IVY HARVEY’S daughter believes cow’s milk may be responsible for her mother’s long life.
Phyllis Davis says her mother, who celebrated her 100th birthday last week, was tiny and weak as a baby.
“Her parents fed her warm milk direct from the cow when she was born,” Mrs Davis said. “This may be what contributed to her living a long life relatively free from disease.”
Her family recently enjoyed afternoon tea and watched a DVD of Ivy’s life.
“My daughter made the clip,'' Mrs Davis said. "There were photos from when Ivy got married and even pictures from their 50th wedding anniversary. The DVD had music from Titanic playing under it. Everyone cried because it was so moving."
Mrs Davis said Ivy was sad to be turning another year older but was mostly in good spirits. “She said she didn’t want to be 100 and didn’t want a party. However, she was sad when the festivities were over.”
Ivy is one of seven children, and the only surviving member of her family. She married a descendant of the original pioneering Harvey family, Len Harvey in 1938. The family moved around a lot as there was little work in Ballarat.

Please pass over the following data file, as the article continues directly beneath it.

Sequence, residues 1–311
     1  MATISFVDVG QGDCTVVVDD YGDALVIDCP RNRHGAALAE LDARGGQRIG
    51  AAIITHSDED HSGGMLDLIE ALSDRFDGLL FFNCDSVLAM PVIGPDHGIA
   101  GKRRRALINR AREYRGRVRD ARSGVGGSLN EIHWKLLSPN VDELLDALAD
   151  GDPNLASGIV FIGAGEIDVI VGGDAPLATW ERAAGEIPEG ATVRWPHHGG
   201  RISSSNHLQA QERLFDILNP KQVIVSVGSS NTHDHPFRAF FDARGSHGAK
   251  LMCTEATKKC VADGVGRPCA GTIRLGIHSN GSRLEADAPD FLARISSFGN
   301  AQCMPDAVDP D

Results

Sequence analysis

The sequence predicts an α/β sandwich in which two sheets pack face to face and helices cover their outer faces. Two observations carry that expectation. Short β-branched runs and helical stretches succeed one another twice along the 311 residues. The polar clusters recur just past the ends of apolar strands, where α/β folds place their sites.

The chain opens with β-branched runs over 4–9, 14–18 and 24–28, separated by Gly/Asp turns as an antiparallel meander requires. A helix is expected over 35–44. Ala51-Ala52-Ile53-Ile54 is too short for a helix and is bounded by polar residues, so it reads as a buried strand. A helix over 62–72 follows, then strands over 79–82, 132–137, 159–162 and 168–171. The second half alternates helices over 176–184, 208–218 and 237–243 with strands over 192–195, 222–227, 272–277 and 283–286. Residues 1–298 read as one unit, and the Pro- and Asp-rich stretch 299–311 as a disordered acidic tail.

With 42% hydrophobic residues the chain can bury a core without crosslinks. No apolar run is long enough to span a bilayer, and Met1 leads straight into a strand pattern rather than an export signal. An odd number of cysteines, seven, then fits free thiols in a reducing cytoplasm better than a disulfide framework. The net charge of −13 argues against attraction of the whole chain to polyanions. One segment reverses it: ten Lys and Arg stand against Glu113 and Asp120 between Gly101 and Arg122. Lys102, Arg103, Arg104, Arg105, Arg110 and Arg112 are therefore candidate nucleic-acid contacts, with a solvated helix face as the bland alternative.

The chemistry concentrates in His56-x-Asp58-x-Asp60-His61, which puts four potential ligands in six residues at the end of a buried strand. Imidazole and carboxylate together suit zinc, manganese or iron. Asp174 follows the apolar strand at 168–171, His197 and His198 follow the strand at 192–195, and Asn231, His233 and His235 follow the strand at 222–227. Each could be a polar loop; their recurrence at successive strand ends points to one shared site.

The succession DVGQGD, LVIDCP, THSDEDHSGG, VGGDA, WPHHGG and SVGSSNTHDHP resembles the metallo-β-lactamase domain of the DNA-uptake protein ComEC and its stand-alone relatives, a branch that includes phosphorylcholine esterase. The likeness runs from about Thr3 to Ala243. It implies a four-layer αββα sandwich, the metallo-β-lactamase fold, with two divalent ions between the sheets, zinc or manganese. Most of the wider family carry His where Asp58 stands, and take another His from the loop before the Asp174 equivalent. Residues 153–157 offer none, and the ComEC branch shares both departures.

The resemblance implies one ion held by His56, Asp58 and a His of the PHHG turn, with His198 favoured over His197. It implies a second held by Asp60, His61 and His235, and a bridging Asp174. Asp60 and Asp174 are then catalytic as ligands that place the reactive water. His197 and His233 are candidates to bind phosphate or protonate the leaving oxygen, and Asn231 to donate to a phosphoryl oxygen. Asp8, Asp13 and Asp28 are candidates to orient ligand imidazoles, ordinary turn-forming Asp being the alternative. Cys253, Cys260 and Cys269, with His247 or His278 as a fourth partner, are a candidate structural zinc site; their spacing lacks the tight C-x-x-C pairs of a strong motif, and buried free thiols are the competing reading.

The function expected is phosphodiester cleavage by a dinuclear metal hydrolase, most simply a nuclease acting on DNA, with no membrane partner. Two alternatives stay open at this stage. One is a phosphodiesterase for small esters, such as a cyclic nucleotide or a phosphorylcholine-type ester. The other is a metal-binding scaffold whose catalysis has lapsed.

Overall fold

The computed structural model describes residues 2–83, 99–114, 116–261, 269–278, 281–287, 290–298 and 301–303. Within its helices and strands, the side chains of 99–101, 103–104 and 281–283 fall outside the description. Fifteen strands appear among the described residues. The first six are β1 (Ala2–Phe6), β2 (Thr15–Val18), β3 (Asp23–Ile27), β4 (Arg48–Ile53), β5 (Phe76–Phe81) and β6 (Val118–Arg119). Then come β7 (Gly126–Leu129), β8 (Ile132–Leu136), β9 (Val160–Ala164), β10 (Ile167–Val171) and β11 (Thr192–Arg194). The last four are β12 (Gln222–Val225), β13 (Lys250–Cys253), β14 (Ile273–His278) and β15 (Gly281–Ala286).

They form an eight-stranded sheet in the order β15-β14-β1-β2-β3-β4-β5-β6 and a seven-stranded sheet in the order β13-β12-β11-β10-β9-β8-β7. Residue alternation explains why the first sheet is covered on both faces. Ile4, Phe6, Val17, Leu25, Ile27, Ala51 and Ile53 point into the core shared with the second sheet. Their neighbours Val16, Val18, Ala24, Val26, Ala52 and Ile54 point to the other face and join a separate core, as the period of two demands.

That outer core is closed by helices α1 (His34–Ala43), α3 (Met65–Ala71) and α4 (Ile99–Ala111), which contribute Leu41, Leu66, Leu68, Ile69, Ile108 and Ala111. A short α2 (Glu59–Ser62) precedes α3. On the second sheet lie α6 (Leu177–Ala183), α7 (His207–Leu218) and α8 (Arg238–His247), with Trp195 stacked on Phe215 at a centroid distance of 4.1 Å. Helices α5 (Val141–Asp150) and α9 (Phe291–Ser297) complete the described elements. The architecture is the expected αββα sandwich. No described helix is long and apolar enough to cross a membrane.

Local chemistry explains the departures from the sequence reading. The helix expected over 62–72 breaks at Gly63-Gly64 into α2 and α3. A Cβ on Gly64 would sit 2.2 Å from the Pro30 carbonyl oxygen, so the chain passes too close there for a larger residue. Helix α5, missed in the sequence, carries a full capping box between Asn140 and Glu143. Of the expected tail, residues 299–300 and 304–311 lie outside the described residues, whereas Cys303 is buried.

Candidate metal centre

Mrs Davis says Ivy supported her husband’s hobby of collecting Australian birds ‘eggs, but often joked that Len’s obsession was a third party in their marriage. “Ivy accompanied Len on many trips across Australia. They travelled over dusty outback tracks, and stayed at rough bush camps in remote areas.”
Upon Len’s death in 1999 and in accordance with his wishes, Ivy donated the collection along with detailed data books to Museum Victoria where they are now archived as The Len Harvey Collection of Australian Bird Eggs.
Ivy has experienced two world wars, a great depression, five ruling monarchs, a man on the moon and countless developments in technology, medicine, and transport. She has a family of four children, four grandchildren and two great grandchildren.